The ability to control your music from the watch and get notifications alone makes it very handy but easy to use activity and work out tracking really seals the deal. For me at least. Perhaps if you're just flat out against doing anything physical there's not much of a reason for you to have one but I find myself make the extra effort. So it's a positive effect on my health and in my mind even for £350 that's not that much if my health is improved even if in some ways it's just a pricey toy.
The battery life is certainly good enough. Admittedly I don't take calls on it but it's not because I think it's bad for that - actually I don't know. It's just not my thing to be taking calls in a more public way like that. Messaging works quite well. It seems to recognise what I say more than my iPhone had done itself in the past. I'm in an awkward position of being an American in the UK. While my accent has changed some I think the iPhone originally had some trouble as it may be slightly tweaked to in this region to consider speech difference which actually I don't want / need. But whatever it works though again it's a bit too public I can't see myself using a lot. I'm sure that factors in a lot to the battery life. Not making calls easily would give me perhaps a day and a half maybe a bit more out of the battery. I've fallen asleep with it on and it's not really been a problem. I'm just not going to want to sleep with it on (just as I never slept with any watch on in the past) so having to charge it every day isn't an issue.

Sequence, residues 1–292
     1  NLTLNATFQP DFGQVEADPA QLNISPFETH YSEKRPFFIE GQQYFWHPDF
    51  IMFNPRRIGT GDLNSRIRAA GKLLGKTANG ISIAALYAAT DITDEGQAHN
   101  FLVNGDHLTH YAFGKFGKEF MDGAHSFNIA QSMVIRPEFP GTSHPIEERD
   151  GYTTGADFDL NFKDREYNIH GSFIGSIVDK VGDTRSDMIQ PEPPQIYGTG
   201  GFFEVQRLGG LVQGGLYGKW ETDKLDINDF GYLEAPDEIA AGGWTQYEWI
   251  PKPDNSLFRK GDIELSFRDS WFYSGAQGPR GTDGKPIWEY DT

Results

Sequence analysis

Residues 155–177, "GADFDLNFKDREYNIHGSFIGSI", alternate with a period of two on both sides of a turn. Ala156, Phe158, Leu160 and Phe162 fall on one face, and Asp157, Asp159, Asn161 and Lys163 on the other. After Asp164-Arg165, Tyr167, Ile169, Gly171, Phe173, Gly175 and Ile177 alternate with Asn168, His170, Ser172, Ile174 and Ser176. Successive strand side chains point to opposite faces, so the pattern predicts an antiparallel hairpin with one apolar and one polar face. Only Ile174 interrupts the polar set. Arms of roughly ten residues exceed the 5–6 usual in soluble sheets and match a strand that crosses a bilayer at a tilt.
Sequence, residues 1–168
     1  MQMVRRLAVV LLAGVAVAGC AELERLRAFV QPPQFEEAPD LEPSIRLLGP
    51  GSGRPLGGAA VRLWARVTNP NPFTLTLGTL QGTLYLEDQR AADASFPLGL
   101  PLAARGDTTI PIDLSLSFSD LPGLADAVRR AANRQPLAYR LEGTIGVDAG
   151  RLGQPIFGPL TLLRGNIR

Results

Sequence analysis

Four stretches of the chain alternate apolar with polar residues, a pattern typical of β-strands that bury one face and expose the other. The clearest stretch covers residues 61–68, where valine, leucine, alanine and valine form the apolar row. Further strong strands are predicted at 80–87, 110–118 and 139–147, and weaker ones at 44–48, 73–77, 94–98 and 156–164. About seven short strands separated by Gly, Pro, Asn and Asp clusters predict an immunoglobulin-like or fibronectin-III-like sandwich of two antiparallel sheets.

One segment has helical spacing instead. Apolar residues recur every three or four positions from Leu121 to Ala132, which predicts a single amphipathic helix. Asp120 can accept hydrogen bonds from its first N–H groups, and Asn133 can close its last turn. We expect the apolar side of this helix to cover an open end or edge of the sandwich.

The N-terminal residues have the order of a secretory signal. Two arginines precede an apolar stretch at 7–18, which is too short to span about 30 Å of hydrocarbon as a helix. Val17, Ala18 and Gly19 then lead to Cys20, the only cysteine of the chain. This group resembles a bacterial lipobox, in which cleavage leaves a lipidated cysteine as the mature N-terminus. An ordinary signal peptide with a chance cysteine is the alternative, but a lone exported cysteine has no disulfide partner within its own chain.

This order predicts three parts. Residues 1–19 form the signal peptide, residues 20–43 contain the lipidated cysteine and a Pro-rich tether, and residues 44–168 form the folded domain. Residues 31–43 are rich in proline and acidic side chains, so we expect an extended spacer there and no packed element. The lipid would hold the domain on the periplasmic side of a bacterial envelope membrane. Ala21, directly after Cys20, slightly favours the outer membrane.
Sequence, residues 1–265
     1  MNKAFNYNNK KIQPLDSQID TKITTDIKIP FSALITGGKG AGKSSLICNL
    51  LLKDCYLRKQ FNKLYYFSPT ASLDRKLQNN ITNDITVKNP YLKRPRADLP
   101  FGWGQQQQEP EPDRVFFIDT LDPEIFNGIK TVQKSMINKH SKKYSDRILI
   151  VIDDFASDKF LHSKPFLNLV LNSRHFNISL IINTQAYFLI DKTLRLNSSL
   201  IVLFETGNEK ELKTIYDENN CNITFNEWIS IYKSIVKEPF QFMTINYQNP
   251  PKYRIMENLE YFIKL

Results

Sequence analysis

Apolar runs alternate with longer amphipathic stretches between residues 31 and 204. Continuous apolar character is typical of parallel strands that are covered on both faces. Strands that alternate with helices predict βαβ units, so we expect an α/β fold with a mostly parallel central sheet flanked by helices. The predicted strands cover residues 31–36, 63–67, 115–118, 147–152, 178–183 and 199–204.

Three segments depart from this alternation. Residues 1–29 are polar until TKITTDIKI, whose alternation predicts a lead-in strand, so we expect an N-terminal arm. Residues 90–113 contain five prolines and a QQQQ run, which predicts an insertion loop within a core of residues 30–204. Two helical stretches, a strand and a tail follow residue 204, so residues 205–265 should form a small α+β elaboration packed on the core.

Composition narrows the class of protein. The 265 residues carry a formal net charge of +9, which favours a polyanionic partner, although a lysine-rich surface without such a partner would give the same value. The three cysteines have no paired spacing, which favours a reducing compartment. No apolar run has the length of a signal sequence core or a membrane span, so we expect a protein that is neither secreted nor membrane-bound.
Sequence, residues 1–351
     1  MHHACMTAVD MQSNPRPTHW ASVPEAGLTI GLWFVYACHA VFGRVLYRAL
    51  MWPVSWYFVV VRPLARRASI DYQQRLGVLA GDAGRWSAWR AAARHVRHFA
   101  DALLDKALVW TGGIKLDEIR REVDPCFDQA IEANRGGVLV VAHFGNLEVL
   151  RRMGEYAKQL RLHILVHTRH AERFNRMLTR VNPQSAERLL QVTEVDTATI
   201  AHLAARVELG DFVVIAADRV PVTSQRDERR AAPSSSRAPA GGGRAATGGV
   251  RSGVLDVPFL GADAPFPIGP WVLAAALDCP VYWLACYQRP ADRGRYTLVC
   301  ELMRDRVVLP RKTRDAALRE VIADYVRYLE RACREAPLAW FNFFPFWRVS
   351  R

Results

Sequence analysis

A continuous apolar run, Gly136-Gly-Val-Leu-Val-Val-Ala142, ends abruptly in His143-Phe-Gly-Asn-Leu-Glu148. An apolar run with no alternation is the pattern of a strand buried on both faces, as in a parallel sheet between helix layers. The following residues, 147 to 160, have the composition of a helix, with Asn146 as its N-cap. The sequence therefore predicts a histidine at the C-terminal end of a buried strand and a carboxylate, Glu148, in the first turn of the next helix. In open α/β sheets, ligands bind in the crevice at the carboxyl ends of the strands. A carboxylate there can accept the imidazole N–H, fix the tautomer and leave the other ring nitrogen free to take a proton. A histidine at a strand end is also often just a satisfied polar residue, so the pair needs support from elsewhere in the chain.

I suspect transferring music onto the watch and playing it from the watch will affect the battery life. If that's your thing go for it but I struggle to see why I would want to duplicate my music that's on my phone. It feels like wasting space.
The apple watch and activity app on your phone are the key apps for interfacing with apple watch. Both are great in my mind. I like that the watch app gives you a filtered view on the app store to make it easier to browse watch related apps.
So over all I'm really happy with it and I would definitely recommend it. It is a bit expensive and it is worth looking over the features to see if it benefits you but if it has features you want and especially if you're into fitness and exercise I'd say go for it.
My Mac Mini serves as my media centre for my TV. I'm sure Apple TV is nice but I want a little more and the Mini is so small anyway. It just makes sense.